Using the 2012 F-150 Ford literature for a King Ranch SuperCrew cab, short bed 4x4, with Max Towing package (Max Payload package is NOT available for this model), the manufacturer says the vehicle will tow a maximum trailer weight of 11,700 pounds, BUT that is part of the GCWR rating of 17,100 pounds which means that with the heaviest trailer attached, the truck itself can only weight 5,400 pounds.

Turning to the next page, one sees that with the EcoBoost motor, 4x4 and Max towing package, the Maximum GVW for the truck is 7,650 pounds with initial payload of 1,900 pounds. Going to another Ford document, we find out that the 1,900 pounds is for NO installed upgrades from a raw base truck. The fudge factor for factory installed equipment and options is 427 pounds and a base curb weight of 5,687 pounds. That means the payload is REDUCED from 1,900 pounds to 1,473 pounds. Immediately we can see that with no other stuff in the truck, the curb weight weighs more than the net figure mentioned above at 5,400 pounds. In fact, taking the 7,650 pound truck GVW away from the 17,100 GCWR leaves the actual maximum trailer weight that can be towed at 9,450 pounds.

Thus the maximum size Airstream Classic that one should consider weight wise would be the 27FB. All models of the International trim line and Flying Cloud trim line weight are at 8,800 GVW or less. Interesting is the fact that the 28' models have the highest tongue weights of 976 pounds for Flying Cloud and 950 pounds for the International model.

Note that the F150 under discussion could have an optional 36 gallon instead of a 26 gallon fuel tank. The extra ten gallons of gasoline reduces payload capacity by about 62 pounds.

The front axle is rated 3,900 pounds and the curb weight for it is 3,206 pounds, so the payload for the front axle is 694 pounds. The rear axle is rated for 4,090 pounds with the curb weight of 2,481 pounds for a payload of 1,609 pounds. The net payload numbers total 2,303 pounds. The gotcha is that the axle ratings added together equals 7,950 pounds but the truck GVW is 7,650 pounds so there is a factory safety factor of 300 pounds or perhaps a handling issue.

Going back to our new net payload number of 1,473 pounds with the standard 26 gallon tank, we have to deduct the tongue weight of the trailer which is 1,175 for my 25FB. That leaves 198 pounds for the wife, the driver's weight above 150 pounds and other stuff. It would be 62 pound less with the larger fuel tank, or 136 pounds payload available. Even though one is using a weight distribution hitch, the downward force due to gravity on the back end of the truck stays at 1,175 pounds. The WD hitch may shift apparent weight forwards and rearward because of leverage, but the steel attachment point between truck and trailer always sees the total static tongue weight.

That is why the static tongue weight is referenced when looking at which hitch to acquire or if preinstalled at the factory, does it have enough capacity and/or does it need reinforcement? Also, if one has to use a drop hitch, the longer the drop, the more rotational forces that are applied to the hitch welds to the attachment points. Some brands of factory hitches have had failures at the weld joints at the end of the cross member supporting the receiver tube.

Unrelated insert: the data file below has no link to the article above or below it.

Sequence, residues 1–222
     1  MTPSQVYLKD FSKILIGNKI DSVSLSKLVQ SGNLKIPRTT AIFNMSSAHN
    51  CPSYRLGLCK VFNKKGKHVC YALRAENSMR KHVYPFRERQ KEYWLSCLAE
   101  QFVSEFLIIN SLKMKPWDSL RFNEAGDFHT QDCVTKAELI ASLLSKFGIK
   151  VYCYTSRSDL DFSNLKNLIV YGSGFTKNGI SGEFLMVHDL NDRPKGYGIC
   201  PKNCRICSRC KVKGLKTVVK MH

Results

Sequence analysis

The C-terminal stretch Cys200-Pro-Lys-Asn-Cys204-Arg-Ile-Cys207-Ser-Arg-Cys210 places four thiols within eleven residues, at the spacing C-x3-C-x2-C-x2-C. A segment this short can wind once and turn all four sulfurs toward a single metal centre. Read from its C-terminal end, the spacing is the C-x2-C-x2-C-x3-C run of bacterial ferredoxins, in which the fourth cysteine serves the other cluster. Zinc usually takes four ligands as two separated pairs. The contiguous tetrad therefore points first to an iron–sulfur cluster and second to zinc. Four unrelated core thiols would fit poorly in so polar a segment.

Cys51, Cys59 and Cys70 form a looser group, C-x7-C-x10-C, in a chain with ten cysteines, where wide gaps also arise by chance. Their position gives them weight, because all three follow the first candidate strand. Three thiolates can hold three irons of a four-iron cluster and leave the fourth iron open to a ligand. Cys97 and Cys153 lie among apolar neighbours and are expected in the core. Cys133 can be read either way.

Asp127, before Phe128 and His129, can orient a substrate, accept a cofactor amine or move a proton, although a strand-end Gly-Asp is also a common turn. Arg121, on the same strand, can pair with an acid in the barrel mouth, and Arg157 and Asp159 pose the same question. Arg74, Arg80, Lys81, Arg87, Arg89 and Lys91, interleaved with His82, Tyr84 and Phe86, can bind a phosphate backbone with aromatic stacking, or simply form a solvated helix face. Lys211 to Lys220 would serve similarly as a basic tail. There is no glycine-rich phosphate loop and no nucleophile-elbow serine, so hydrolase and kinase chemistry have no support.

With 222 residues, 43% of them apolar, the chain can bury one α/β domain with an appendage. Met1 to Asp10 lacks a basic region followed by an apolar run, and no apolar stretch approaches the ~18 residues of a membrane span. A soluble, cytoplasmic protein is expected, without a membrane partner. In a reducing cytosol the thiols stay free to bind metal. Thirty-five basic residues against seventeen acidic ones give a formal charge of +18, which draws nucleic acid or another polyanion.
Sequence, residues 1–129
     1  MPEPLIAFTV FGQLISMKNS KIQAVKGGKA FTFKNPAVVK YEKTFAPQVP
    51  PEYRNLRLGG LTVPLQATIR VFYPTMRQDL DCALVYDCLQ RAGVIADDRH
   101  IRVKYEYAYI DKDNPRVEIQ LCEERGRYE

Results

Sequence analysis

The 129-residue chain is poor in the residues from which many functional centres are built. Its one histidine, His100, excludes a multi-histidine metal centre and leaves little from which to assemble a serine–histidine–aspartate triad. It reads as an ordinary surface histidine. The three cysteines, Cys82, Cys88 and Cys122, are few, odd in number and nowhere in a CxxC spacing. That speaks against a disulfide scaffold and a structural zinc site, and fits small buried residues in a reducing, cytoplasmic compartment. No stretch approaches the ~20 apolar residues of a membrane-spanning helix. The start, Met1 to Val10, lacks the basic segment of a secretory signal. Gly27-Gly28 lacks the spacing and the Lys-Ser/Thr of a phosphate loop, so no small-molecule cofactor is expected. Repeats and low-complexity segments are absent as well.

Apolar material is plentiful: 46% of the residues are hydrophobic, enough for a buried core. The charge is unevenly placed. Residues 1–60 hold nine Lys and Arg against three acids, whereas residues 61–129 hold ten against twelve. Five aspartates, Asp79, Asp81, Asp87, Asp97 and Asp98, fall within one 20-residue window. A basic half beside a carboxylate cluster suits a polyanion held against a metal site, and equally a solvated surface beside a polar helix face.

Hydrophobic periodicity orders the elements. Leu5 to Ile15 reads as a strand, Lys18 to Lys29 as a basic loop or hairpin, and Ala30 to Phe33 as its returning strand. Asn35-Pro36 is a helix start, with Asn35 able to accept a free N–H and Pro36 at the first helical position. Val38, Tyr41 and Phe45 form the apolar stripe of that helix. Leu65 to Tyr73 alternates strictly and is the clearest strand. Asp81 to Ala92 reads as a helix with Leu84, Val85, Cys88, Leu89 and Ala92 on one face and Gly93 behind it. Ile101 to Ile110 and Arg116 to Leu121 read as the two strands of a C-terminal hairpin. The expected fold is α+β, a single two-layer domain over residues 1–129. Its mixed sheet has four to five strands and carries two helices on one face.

Just because the motor will pull the weight along on a flat surface, is not the primary concern. The specifications of the axles, wheels and tires, hitch etc limit the total load of both the TT and TV. Overloading means more stress on bearings, gear trains, braking capacity etc and reduces the factory safety margins that could have a tremendously negative impact on emergency handling or cause premature failure of expensive parts.

When selecting a more modest sized towing vehicle, a through exercise of working the numbers will allow the user to determine if this particular tow vehicle as fully speced would always be operated at it's gross capacity or even overloaded?

Take an identical model an a demo ride across the scales with a full gasoline tank and driver and usual passenger with their got to have stuff (like a 20 pound purse). Look at the actual front and rear axle weights and actual gross weight. Now you have a realistic set of numbers for a basis to do all the other necessary calculations to see if the your specific trailer and vehicle fall within the factory guidelines.

Then the decision to run at gross weight or over is based upon reality and not wishful thinking. The vehicle manufacturer's engineers can tell if a vehicle's part failure could be due to overloading and thus not eligible for warranty replacement.

YMMV
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Old 01-22-2013, 09:40 AM   #60
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Switz you are dead on.Unfortunately a lot of members do not do the homework before they buy a tow vehicle and then go into denial when you bring up the manufactures maximum tow specifications.It is what it is folks.